Terry Madonna, senior fellow for political affairs at Millersville University in Pennsylvania, agreed.

He said many blue-collar Democrats, who tend to be culturally more conservative, walked away from the party years ago because of its liberal views on such issues as abortion and LGBTQ rights.

While Democrats have lost rural voters, they have made great strides in gaining support in the ever-expanding suburbs, he said. 

To gain support of more “blue-collar, working-class voters,” Madonna said, “Democrats have to be careful how to frame (cultural) issues and have to go and talk about things that will create jobs for those people.”

He pointed to Pennsylvania Gov. Shapiro’s first executive order after taking office as a good example. 

Shapiro eliminated the four-year college degree requirement for 92 percent of state government jobs — about 65,000 positions. This allows people seeking state government jobs to get hired more easily if they have work experience, instead of a college degree.

“It’s about what to do to help people find jobs. That would be one very important step Democrats could make,” Madonna said.

President Biden, a native of Scranton, Pennsylvania, who was first elected as a U.S. Senator from Delaware in 1972, also appeals to many blue-collar workers, he added.

“He spent a good amount of time in Pennsylvania campaigning for Democrats and would routinely start out his talks that he lived there and point out that he was coming home.”

“Biden is a lot more appealing a person than some Democrats have been in the past,” Lux said. “It’s not that he’s appealing because he’s from Scranton; it’s just that his agenda really helps people.”

Lux said the infrastructure bill and capping the cost of insulin to $35 a month for people with diabetes are “going to be huge in these counties. Biden’s agenda is a very big part of the Democratic strategy in 2024” and the party should not shy away from touting it.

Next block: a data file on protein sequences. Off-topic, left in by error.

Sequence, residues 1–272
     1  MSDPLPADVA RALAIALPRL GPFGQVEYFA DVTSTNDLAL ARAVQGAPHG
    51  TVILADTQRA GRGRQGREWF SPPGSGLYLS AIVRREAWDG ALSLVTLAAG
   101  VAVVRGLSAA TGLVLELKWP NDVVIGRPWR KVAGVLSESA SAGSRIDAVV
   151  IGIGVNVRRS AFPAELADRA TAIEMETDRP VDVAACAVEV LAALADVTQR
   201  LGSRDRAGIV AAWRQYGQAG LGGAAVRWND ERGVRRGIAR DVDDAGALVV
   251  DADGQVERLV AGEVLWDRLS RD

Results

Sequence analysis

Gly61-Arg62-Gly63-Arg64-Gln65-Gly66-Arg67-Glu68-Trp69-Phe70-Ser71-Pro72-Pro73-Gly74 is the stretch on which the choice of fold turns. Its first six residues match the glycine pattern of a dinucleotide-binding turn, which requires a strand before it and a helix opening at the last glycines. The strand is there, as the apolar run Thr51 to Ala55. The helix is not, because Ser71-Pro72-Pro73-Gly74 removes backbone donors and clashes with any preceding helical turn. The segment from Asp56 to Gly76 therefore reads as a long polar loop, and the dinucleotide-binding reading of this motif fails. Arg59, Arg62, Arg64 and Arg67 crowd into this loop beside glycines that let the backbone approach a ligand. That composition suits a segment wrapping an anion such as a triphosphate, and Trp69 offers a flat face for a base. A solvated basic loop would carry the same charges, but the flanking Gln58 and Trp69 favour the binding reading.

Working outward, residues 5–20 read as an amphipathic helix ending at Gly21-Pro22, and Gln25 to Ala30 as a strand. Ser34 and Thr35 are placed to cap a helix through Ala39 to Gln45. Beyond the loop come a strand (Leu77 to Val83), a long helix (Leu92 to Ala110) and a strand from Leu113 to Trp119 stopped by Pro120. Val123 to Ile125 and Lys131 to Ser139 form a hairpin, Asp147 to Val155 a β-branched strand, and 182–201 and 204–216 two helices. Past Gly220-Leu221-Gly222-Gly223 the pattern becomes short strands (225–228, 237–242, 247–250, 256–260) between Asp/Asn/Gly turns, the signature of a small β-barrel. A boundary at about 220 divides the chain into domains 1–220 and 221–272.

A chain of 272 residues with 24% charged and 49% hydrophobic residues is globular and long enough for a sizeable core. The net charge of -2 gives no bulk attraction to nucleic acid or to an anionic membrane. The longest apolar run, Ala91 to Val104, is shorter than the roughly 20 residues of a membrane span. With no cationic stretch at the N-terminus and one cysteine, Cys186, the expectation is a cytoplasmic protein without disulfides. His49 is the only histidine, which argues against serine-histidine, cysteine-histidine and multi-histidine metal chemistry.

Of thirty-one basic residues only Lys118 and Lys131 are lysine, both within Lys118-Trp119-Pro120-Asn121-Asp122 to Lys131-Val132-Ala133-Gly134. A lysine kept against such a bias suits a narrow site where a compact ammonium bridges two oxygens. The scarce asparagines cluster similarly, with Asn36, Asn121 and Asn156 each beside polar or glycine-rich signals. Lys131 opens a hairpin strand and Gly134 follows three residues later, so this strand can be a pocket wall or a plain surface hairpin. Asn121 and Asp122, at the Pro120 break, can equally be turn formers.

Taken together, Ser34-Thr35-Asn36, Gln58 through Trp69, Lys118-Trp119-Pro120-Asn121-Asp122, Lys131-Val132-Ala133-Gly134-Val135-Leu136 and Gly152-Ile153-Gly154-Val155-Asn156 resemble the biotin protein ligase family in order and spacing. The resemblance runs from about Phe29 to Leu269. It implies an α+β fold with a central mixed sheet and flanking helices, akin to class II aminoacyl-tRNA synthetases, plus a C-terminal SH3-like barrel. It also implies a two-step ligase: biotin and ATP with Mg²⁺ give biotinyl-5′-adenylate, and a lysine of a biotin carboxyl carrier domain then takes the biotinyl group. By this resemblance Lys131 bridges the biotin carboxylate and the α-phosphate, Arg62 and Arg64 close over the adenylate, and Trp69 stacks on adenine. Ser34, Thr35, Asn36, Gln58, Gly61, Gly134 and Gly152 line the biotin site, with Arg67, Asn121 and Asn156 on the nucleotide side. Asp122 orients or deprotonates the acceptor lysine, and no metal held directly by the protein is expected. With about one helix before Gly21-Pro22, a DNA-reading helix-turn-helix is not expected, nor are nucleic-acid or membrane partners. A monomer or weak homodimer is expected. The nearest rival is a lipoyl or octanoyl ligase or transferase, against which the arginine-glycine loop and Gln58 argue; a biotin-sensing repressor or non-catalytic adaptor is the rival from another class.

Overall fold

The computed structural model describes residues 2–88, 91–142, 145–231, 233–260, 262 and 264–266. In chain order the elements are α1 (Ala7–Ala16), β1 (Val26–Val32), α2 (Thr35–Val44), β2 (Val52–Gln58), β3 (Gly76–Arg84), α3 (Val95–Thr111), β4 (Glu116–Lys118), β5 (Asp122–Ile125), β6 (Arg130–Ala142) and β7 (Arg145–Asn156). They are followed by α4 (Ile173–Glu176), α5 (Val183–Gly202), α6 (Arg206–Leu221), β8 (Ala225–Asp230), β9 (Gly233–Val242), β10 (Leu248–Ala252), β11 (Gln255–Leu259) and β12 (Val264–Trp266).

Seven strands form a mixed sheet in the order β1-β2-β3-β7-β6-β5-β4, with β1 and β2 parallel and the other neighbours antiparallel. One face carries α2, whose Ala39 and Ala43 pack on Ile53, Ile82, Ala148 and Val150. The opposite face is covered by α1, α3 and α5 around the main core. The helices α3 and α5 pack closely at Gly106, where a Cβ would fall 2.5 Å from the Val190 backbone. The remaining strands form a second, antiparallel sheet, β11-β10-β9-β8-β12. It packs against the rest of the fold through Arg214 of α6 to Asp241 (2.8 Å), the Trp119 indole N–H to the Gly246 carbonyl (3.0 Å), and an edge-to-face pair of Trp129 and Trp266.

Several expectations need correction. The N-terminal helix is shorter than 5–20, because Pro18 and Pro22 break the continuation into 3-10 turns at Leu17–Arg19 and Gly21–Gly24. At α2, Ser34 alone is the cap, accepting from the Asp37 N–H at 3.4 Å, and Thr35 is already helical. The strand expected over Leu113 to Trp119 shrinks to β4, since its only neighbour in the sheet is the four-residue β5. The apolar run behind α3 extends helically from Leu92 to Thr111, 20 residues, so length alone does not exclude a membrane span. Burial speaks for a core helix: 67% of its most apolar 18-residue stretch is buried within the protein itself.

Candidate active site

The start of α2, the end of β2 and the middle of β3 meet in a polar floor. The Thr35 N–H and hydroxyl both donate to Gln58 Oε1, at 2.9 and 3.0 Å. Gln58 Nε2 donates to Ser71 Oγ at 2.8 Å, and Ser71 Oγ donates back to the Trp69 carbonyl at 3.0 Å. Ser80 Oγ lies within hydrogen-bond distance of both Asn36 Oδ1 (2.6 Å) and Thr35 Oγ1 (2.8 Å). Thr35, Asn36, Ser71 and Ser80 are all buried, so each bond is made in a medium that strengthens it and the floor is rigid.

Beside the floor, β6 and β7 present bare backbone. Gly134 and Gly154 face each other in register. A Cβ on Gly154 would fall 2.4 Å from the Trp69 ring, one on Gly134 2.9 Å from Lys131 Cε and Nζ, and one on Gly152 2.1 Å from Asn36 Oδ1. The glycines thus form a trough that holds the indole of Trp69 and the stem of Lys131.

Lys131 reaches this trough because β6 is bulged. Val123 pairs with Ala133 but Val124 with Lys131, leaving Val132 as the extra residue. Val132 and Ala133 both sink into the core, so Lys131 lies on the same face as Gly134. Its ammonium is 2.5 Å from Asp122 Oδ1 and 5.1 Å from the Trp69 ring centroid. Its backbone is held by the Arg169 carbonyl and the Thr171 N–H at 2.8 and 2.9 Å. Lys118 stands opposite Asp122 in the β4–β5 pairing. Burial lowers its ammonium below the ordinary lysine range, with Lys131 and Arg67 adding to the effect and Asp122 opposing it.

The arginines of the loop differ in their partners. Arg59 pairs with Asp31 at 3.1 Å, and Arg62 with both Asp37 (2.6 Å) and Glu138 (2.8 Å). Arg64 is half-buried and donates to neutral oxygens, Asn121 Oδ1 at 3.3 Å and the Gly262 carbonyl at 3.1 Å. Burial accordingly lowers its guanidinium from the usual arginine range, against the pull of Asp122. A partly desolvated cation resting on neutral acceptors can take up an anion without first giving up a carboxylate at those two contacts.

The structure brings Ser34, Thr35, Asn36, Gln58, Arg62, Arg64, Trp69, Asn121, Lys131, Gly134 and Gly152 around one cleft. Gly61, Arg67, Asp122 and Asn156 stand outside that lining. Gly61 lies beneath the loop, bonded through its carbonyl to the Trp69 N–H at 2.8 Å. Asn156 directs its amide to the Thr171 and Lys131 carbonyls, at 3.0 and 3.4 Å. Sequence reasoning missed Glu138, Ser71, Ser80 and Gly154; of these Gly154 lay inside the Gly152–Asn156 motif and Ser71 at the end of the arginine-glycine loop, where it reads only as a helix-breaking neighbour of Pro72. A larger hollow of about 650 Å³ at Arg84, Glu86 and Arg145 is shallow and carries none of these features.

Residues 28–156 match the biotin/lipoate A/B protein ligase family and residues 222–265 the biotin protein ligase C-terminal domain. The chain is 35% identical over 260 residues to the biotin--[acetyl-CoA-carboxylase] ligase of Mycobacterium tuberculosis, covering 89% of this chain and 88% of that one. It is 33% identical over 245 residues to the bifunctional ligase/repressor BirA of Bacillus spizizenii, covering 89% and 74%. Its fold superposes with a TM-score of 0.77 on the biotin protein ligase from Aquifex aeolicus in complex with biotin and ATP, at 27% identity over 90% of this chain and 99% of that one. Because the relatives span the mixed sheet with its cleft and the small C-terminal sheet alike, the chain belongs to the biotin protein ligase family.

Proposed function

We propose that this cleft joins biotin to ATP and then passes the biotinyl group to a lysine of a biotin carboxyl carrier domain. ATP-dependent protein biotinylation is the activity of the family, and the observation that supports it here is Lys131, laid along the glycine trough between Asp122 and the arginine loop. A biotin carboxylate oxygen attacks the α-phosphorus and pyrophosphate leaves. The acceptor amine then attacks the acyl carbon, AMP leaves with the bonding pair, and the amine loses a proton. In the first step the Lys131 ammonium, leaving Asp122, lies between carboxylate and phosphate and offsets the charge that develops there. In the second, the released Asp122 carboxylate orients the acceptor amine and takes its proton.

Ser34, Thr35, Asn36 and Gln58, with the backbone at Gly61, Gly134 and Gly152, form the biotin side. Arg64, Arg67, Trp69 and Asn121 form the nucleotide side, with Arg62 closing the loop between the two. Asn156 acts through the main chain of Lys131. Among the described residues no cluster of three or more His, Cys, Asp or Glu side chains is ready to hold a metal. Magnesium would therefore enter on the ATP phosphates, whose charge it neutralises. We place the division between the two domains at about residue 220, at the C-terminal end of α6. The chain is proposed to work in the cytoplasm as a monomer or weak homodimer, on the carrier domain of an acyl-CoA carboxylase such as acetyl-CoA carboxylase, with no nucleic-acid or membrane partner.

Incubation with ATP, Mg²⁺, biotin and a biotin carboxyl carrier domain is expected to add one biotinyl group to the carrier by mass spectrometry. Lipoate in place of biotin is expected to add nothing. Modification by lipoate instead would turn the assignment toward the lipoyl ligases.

“We have to do a better job of educating the people about the real gains Biden has made being pro-labor. His administration has done more for working people than any president since (Franklin Roosevelt),” Lux said.

But if Democrats are to make gains in these “Factory Towns,” they need to do a better job organizing at the grassroots level, Lux said. 

“We can’t get any credibility or traction as either Democrats or on any issue if we parachute in only a couple of months before the election,” he said. “These are folks who are cynical and they think candidates don’t care about them. We need to get into the local communities, we need to go door-to-door, organize community events and re-establish the bonds of community. Those are the strategies that are going to bring these counties back for progressives or Democrats.”

Ramesh Santanam has covered politics, government, the courts, and local news for more than 20 years, reporting for Gannett and The Associated Press before writing for Postindustrial. A native of Sri Lanka, he is based in Pittsburgh.